Intracorneal ring segments, abbreviated as ICR, are another name, for instance. The doctor will create a tiny incision in your cornea and install two plastic rings in the form of a crescent moon at the cornea’s periphery. Your cornea will become flatter due to the rings, and the way light rays concentrate on your retina will also alter. In-situ keratomileusis (ICR) was a treatment option for myopia; however, laser-based techniques have since supplanted it. Keratoconus, an irregularly shaped cornea that causes your cornea to thin and result in vision loss, is being treated with it in the hope that it may correct the condition.

Phakic Intraocular Lens Implants

Phakic intraocular lens implants, also known as implanted contact lenses (ICL), are created for those with a degree of myopia that makes LASIK and PRK unfeasible. The surgeon will first create a tiny incision around the periphery of your cornea, and then they will either connect the implant lens to your iris or place it behind your pupil. In contrast to RLE, your native lens will not get dislodged. The most common phakic lens implant form is the Visian ICL.


Limbal Relaxing Incision is an abbreviation for an astigmatic keratotomy, also known as an LRI. Astigmatism may be surgically corrected with a process that is not laser eye surgery. Astigmatism is characterized by an irregularly shaped cornea, giving the appearance of a football rather than a circular pupil. The doctor will make one or two small incisions in the area of your cornea that is most steep. This helps it relax, which ultimately results in a more rounded appearance. This technique may be performed on its own, or it can be done in conjunction with other laser eyes procedures such as PRK, LASIK, or RK.

Are These Operations Likely to be Successful and Safe?

It has been shown that they are effective, but like with any surgical procedure, there is always the possibility of adverse consequences. It is essential to keep them in mind at all times.

Infection, as well as a delay in the healing process. After PRK or LASIK surgery, an infection may occur in a tiny percentage of patients. In most cases, it results in increased pain and a lengthier recovery period.

Either insufficient correction or too much punishment. You will know how successful the surgery was once your eye wholly recovered from the procedure. You may still need to use glasses or contacts. A second laser operation, also known as laser enhancement, may improve your eyesight if it isn’t delicious.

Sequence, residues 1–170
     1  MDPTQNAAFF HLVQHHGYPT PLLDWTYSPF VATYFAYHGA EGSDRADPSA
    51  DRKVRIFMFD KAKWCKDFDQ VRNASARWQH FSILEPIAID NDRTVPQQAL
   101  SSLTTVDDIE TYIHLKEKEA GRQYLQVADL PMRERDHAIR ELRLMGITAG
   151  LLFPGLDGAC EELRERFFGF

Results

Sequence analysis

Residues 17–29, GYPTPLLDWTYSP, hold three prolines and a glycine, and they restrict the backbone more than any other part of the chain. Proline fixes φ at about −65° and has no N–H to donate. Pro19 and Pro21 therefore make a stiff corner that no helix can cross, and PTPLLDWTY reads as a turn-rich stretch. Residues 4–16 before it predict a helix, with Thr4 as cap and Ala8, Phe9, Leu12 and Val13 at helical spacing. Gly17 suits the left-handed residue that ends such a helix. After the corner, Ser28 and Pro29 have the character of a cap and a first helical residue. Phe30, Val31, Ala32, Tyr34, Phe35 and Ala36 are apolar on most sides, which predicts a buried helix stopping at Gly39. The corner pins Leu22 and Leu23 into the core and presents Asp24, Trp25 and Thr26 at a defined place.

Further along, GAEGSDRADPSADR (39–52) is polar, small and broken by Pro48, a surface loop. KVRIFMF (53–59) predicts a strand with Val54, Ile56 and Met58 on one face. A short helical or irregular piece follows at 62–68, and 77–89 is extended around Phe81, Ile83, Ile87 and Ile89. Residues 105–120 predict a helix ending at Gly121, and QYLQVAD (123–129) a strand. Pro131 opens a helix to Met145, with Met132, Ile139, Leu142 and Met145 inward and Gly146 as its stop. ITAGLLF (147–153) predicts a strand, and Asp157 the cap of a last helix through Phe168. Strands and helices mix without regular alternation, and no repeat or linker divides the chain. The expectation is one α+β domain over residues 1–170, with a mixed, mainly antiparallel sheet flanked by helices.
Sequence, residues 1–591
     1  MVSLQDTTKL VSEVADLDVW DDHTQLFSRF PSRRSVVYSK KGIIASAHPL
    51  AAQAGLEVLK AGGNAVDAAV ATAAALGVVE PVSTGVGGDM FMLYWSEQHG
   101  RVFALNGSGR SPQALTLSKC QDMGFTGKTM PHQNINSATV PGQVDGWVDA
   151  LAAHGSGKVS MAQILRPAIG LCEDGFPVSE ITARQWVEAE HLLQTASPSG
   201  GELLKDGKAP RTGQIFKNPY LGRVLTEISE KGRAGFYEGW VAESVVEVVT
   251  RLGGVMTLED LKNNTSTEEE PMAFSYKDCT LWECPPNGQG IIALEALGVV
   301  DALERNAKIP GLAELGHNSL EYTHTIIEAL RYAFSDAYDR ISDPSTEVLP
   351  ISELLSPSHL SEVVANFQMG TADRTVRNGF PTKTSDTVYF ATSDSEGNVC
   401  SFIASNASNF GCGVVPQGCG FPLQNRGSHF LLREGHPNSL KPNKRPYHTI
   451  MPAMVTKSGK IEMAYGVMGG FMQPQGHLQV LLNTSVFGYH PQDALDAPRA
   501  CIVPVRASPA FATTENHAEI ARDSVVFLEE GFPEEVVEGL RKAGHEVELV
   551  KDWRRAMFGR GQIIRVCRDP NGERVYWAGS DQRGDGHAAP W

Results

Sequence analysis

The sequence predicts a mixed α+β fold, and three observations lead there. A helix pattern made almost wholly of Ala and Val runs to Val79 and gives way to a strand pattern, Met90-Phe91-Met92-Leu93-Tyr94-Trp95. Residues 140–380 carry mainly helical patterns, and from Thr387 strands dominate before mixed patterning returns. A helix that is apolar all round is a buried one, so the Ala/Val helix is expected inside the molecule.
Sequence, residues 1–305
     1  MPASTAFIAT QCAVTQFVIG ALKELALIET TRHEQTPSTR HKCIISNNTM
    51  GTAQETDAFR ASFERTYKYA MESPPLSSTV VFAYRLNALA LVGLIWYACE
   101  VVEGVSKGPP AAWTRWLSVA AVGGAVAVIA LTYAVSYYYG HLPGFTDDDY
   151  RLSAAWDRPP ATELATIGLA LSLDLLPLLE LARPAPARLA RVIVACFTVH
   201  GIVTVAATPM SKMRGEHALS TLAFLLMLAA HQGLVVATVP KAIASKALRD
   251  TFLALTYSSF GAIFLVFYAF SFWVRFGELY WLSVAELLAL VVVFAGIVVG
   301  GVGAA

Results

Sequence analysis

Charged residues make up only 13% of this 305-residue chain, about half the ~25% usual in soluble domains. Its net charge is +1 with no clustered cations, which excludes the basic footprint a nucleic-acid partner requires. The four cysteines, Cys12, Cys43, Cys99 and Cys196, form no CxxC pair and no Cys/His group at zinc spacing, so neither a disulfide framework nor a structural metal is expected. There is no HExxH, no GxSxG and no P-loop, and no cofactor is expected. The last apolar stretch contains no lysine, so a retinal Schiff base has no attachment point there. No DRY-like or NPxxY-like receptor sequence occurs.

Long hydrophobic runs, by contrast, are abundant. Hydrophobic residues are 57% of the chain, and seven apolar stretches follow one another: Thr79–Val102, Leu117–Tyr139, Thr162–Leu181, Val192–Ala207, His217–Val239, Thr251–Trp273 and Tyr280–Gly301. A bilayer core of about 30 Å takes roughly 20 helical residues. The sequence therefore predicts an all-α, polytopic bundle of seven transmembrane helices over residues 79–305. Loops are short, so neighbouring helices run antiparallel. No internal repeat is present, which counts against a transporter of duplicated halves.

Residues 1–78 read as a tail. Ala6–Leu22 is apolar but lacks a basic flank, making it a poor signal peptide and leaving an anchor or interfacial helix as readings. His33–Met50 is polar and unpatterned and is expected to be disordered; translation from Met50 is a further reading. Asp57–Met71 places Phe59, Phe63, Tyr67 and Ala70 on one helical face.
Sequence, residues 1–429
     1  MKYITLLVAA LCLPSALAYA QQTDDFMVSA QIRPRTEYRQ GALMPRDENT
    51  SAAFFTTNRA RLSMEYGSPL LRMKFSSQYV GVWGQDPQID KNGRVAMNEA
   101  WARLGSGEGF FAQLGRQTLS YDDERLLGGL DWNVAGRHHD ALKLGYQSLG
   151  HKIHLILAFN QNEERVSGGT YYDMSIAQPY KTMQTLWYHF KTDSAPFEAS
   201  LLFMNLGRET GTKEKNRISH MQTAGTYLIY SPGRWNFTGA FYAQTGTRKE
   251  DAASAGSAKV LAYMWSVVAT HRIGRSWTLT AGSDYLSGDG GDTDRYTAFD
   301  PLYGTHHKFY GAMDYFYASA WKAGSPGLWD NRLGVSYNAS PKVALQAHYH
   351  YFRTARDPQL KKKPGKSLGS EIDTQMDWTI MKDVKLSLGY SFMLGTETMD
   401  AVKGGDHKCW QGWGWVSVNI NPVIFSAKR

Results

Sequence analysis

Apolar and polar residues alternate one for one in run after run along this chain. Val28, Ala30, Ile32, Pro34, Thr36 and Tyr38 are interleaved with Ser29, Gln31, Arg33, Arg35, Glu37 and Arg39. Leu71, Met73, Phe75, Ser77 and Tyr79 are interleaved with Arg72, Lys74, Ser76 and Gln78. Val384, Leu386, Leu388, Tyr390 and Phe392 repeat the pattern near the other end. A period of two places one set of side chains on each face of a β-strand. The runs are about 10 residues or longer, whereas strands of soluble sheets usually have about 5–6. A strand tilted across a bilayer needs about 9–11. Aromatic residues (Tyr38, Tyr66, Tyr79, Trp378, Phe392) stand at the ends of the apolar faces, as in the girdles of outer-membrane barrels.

The vision could be better. While it’s uncommon, some individuals end up with even poorer fiction than before surgery. The typical causes include irregular tissue loss or an excessive corneal haze.

Excessive clouding of the cornea. After PRK, this is a potential component of the natural healing process. After that, it will often not impact your eyesight, and the only way to tell for sure is to have an eye check. There are occasions when it may mess with your vision. You may need a second procedure. A drug known as mitomycin C (MMC), used after PRK surgery, may also prevent it.

Regression. Atypical healing may result in the effects of surgery disappearing over many months at times. You may require a second operation to see better.

The effect of a halo occurs when there is little light, and it may make it difficult to drive or see in dark regions. The untreated area is outside your cornea and provides a second picture of when your pupil widens. It can occur after LASIK or PRK. To reduce the risk of this happening, your ophthalmologist may use laser optical zones or wavefront technology, which generate a three-dimensional model of your eye to facilitate more accurate surgical procedures. Greater degrees of nearsightedness with LASIK and PRK are associated with an increased risk of halo, but higher degrees of nearsightedness treated with Visian ICL had a lower chance of halo.

Flap damage or loss. The LASIK procedure creates a hinged flap in the corneal center. It may need to be realigned during the first few days following surgery or after significant damage to your eye that occurred directly.